150 years ago, the first fish and chip shop was set up in Cleveland Street, London. Since then, the recipe has changed very little, only what was considered “an offensive trade” in the 19th century, is now a staple for many celebrated British chefs.
Fish and Chips at Canteen in Baker Street
Fried-potato shops apparently spread down south from Scotland and these establishments naturally paired well with fried-fish shops that were making their way north from the south of England. While I’m sure people had eaten the combination before, it wasn’t until 1860 that Jewish proprietor Joseph Malin opened the first proper British chippie.
Today, munching on a take-away of fish and chips is ingrained in British culture. It’s not only in your classic high-street chippie, but in much more up-market restaurants like Geales – even chefs like Heston Blumenthal and Gordon Ramsey regularly list the popular dish on their menus.
My most recent episode of fish and chips was at Canteen, (my new favourite restaurant) where founding partner and chef Cass Titcombe gave me a few top tips on how to make the best fish and chips. My plate came with two different types one breaded and one battered, so I could try the difference – While the breaded fish was quite delicious, the batter was absolutely sublime and definitely my preferred choice!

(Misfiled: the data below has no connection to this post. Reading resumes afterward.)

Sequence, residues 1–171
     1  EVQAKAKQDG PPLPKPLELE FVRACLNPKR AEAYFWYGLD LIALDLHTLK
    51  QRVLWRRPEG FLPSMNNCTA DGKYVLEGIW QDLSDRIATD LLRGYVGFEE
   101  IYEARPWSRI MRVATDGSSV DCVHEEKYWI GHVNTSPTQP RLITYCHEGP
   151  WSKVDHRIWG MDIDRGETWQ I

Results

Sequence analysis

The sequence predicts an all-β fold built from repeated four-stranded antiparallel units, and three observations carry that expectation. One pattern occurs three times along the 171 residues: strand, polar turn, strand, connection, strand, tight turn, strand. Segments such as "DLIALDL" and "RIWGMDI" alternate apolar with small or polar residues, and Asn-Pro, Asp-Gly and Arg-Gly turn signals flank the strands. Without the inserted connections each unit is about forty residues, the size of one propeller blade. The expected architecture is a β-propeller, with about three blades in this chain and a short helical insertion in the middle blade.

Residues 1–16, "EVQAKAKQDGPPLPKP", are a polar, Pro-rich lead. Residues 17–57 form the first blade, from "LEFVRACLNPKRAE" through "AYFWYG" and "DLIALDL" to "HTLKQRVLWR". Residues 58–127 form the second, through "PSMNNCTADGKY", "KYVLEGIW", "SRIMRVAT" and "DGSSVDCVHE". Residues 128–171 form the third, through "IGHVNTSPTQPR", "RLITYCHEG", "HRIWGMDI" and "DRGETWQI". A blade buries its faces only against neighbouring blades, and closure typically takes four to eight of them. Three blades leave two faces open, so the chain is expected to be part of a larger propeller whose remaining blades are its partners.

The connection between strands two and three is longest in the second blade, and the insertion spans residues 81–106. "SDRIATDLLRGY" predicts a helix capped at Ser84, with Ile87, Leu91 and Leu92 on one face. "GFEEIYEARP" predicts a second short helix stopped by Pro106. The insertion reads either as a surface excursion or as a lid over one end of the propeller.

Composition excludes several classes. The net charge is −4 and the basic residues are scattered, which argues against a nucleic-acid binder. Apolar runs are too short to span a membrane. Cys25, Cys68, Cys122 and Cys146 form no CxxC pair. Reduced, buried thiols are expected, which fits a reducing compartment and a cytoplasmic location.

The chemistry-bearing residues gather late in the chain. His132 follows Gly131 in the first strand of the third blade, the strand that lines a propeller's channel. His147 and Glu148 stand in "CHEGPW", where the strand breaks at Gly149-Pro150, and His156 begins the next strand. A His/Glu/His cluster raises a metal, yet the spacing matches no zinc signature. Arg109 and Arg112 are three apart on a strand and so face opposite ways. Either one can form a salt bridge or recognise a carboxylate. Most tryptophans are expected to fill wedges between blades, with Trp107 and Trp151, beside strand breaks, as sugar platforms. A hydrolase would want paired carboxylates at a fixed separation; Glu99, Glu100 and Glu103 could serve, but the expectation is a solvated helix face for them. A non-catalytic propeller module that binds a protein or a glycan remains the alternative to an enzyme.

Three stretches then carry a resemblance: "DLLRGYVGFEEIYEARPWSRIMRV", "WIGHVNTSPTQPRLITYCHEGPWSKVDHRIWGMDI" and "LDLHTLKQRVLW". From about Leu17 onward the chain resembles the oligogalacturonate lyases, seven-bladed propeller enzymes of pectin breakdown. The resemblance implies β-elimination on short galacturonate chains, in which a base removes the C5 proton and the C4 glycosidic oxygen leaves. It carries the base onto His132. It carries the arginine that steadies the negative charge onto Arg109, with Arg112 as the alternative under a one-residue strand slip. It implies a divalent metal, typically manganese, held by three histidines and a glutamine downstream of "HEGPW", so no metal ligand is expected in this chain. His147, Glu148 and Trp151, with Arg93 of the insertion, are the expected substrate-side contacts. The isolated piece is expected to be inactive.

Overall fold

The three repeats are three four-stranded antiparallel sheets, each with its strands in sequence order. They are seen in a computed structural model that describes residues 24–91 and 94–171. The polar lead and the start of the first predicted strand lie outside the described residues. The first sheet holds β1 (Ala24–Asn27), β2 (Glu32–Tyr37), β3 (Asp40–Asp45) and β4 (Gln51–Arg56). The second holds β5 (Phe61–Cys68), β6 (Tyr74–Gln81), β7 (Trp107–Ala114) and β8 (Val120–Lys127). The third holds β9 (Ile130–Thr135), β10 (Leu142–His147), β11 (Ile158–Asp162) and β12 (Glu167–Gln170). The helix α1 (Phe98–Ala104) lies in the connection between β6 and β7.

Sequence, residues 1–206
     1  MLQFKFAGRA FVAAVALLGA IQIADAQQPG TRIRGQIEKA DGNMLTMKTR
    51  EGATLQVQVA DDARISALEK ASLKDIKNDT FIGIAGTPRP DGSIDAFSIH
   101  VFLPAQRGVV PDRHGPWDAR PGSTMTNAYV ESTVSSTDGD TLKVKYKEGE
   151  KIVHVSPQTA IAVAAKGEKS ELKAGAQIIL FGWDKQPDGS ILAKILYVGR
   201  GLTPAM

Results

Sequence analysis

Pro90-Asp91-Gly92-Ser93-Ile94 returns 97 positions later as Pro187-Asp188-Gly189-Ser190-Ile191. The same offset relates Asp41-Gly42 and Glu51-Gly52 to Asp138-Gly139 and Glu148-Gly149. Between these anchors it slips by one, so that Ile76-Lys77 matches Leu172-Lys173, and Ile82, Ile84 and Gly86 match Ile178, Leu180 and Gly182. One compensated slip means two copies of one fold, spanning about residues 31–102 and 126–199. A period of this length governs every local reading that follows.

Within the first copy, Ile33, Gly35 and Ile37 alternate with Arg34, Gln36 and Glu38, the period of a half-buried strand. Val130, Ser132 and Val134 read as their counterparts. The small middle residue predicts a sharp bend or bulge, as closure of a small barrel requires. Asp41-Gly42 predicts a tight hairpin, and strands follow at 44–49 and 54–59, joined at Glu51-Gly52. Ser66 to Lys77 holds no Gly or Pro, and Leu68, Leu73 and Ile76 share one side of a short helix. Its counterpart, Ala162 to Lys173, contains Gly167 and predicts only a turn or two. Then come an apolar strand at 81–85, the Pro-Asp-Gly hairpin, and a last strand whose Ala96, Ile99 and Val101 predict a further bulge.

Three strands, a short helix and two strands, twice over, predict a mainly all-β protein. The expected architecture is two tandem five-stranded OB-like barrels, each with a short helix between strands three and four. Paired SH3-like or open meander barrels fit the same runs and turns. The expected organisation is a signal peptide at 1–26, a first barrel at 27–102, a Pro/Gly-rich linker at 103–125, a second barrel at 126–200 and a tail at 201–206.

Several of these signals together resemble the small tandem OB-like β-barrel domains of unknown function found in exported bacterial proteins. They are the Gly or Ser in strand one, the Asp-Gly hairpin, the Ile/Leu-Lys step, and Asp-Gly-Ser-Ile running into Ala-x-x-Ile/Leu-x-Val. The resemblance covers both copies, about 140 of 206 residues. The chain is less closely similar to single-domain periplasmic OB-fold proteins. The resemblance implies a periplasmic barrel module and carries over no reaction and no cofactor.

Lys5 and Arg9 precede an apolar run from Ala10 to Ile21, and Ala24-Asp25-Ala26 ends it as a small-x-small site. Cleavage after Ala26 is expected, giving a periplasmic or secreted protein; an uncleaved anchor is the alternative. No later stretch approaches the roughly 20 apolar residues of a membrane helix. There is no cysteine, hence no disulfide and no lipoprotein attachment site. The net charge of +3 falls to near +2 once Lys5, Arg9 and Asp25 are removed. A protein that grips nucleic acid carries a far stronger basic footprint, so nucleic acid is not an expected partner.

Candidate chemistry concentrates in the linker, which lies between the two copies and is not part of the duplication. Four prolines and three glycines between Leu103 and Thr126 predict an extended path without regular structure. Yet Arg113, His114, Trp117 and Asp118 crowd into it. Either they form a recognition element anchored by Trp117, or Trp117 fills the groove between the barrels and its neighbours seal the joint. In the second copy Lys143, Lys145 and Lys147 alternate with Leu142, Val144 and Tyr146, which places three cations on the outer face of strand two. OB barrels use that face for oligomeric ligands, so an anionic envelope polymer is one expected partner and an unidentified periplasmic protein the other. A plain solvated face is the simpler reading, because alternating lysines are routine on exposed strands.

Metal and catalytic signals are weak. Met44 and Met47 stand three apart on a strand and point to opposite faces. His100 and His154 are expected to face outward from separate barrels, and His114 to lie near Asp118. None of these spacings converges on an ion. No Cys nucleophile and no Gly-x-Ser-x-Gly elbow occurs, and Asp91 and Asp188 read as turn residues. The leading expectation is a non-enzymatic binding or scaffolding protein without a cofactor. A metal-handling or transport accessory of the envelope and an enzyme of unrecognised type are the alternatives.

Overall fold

Cass’s top 10 tips:
- Choose your fat – the north of England prefers a meat-based fat, but the south prefers vegetable. A meat-based oil has a better flavour.
- Decide on your cooking method, are you going to use batter or breaded fish?
- If you use batter, brush the battered fish in oil to set it before frying it, or it will stick to the bottom of the pan
- What fish are you going to use? Haddock is Cass’s favourite as it has lots of flavour but fresh and is always best
- Keep the fat/oil clean, don’t reuse
- Make your chips out of Maris Piper potatoes
- Cook your chips in two stages. (For small-ish chips) 130 deg for 5/6 mins; leave to cool; then 190 deg for 3 mins
- If you plan to batter your fish, use beer, or a pale ale, which makes a lighter batter
- If you want to bread the fish instead, then it is easier to gauge the cooking time if you use white, not brown, bread
- When using dried peas, never put salt in the water when you soak them
While this blog post is supposed to be about fish and chips, I can’t resist writing about Canteen, I was so pleasantly impressed that I plan to go back and sample everything else on the menu. The mission statement of the chain (detailed in it’s fantastic recipe book, Great British Food), the design, the menu, the atmosphere – everything about Canteen is right…I just can’t wait to try their pies!
If you ever get a chance to go to one of its four restaurants across London, (Spitalfields, Baker Street, Royal Festival Hall, and Canary Wharf) please do let me know what you think, I guarantee you will be converted for ever!